Malonyl Coenzyme A Decarboxylase Deficiency: Early Dietary Restriction and Time Course of Cardiomyopathy
ABSTRACT Malonyl coenzyme A (CoA) decarboxylase (MCD) deficiency is a rare autosomal recessive organic acidemia characterized by varying degrees of organ involvement and severity. MCD regulates fatty acid biosynthesis and converts malonyl-CoA to acetyl-CoA. Cardiomyopathy is 1 of the leading causes of morbidity and mortality in this disorder. It is unknown if diet alone prevents cardiomyopathy development based in published literature. We report a 10-month-old infant girl identified by newborn screening and confirmed MCD deficiency with a novel homozygous MLYCD mutation. She had normal echocardiogram measurements before transition to high medium-chain triglycerides and low long-chain triglycerides diet. Left ventricular noncompaction development was not prevented by dietary interventions. Further restriction of long-chain triglycerides and medium-chain triglycerides supplementation in combination with angiotensin-converting enzyme inhibitors helped to improve echocardiogram findings. Patient remained asymptomatic, with normal development and growth. Our case emphasizes the need for ongoing cardiac disease screening in patients with MCD deficiency and the benefits and limitations of current dietary interventions.
- International journal of cardiology 02/2013; 168(1). DOI:10.1016/j.ijcard.2013.01.221 · 6.18 Impact Factor
- [Show abstract] [Hide abstract]
ABSTRACT: Background: Malonyl-CoA decarboxylase (MLYCD, EC 126.96.36.199) deficiency is a rare autosomal recessive disorder that is widely diagnosed by neonatal screening. Methods: We report long term follow up of a patient with MLYCD deficiency showing signs of neonatal hypoglycemia, mental retardation, developmental delay and rheumatoid arthritis. Brain MRI revealed patchy, symmetrical hyperintensity of the deep white matter with periventricular white matter and subcortical arcuate fibers being spared. MLCYD gene sequence analysis was done to identify possible mutations. Expression analyses at mRNA and protein levels were also performed. Further, immunocytochemical studies were implemented to check for its subcellular localization. Results: MLYCD gene sequencing identified a novel compound heterozygous mutation (c.22 T>A, p.M1K, c.454 C>A; pH152N) in our patient and a heterozygous mutation in the healthy mother c.22 T>A; pM1K. Reduced expression of RNA and protein levels was observed. Immunocytochemical analysis showed diffused staining across the cytoplasm with apparent signs of intracellular mislocalization to the nucleus. Results also indicated subcellular colocalization of MLCYD with mitochondria was scant compared to control. Conclusion: Our patient was identified with a novel compound heterozygous MLYCD mutation at the N-terminal helical domain. This study indicates that protein mislocalization is a characteristic feature of MLYCD deficiency in our patient.Brain & development 01/2014; 37(1). DOI:10.1016/j.braindev.2014.02.001 · 1.54 Impact Factor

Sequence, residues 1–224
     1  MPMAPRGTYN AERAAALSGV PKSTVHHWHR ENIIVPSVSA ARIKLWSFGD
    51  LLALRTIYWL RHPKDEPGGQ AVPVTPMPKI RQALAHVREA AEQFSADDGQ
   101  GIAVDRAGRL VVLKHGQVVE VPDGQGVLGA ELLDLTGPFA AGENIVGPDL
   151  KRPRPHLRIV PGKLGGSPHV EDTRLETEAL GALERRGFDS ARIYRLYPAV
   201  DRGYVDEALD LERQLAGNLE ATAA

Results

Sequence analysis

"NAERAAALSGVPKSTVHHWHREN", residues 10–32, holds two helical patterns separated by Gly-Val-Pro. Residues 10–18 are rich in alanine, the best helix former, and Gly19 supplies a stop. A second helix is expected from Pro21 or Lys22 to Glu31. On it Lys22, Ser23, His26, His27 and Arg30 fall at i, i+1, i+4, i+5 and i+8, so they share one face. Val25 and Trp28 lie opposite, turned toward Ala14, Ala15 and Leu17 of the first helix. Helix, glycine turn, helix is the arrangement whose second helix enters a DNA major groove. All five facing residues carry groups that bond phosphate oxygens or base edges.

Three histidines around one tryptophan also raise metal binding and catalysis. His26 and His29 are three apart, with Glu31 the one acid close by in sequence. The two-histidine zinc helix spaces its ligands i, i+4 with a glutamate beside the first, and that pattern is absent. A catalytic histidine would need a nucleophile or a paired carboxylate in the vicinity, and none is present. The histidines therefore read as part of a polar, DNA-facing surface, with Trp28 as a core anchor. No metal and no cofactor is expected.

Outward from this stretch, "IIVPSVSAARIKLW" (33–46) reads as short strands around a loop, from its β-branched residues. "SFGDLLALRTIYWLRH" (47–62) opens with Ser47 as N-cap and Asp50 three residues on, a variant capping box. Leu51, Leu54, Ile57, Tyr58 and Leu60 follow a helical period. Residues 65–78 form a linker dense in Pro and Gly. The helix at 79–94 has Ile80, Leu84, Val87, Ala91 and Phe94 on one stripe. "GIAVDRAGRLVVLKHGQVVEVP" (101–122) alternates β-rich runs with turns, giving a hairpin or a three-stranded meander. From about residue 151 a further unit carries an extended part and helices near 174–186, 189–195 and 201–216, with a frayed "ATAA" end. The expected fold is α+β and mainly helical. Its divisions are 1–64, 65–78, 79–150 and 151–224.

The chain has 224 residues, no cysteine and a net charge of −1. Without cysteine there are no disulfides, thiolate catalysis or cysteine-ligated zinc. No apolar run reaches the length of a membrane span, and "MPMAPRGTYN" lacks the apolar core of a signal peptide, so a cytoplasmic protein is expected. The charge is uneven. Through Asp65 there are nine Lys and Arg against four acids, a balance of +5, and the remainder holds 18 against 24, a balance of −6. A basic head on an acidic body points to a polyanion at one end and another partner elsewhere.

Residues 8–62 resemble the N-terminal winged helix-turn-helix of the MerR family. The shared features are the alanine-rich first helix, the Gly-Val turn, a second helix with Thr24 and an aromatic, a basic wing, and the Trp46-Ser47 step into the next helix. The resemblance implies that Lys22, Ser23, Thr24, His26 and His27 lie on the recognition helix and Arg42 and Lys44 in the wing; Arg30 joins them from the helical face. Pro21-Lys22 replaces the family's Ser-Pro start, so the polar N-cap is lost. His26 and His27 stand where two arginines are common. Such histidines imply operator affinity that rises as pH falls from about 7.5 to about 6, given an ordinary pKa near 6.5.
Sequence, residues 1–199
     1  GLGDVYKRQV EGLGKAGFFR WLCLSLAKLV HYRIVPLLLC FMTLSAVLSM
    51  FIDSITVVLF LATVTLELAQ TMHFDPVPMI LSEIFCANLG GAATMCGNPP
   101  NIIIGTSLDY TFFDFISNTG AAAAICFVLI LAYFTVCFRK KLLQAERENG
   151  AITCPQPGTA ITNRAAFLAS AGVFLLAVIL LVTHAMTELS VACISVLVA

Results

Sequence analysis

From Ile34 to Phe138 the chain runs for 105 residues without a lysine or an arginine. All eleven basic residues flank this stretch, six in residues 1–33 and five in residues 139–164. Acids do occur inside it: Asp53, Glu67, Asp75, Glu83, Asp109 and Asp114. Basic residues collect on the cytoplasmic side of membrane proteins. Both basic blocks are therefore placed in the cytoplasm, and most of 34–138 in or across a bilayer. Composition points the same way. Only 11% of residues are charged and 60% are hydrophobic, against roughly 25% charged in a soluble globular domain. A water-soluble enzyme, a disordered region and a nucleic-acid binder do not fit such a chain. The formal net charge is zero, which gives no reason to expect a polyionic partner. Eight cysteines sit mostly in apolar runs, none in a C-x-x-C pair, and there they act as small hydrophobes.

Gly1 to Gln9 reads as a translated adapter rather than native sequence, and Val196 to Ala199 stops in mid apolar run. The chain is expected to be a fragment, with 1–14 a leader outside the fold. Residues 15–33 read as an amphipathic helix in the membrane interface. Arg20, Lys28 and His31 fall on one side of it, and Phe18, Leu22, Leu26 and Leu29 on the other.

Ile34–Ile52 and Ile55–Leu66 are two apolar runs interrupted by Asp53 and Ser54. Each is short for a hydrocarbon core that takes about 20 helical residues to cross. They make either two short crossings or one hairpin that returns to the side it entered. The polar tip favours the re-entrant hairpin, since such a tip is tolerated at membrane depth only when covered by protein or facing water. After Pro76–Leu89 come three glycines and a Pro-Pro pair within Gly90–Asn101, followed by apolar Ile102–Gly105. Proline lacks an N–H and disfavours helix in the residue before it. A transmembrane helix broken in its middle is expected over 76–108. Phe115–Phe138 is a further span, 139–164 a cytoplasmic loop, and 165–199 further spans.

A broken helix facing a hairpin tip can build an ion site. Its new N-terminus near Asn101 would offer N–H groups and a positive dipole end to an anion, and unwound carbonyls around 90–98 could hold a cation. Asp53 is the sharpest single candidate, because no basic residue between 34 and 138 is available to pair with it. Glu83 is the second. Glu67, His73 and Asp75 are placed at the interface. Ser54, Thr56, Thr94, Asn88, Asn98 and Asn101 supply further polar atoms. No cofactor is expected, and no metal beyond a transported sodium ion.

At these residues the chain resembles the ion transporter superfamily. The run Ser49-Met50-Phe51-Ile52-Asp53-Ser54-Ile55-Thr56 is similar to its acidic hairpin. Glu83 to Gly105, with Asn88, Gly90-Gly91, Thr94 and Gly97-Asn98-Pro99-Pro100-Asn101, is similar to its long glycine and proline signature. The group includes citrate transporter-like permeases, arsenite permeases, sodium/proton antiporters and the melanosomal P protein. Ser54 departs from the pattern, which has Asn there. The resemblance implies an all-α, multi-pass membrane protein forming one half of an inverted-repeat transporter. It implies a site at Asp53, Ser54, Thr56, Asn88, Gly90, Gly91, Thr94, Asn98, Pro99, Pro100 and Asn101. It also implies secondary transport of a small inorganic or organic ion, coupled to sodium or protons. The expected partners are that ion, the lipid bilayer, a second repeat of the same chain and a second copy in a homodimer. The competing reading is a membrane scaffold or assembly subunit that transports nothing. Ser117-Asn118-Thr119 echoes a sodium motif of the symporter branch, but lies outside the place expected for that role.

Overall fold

- International journal of cardiology 03/2014; 173(3). DOI:10.1016/j.ijcard.2014.03.025 · 6.18 Impact Factor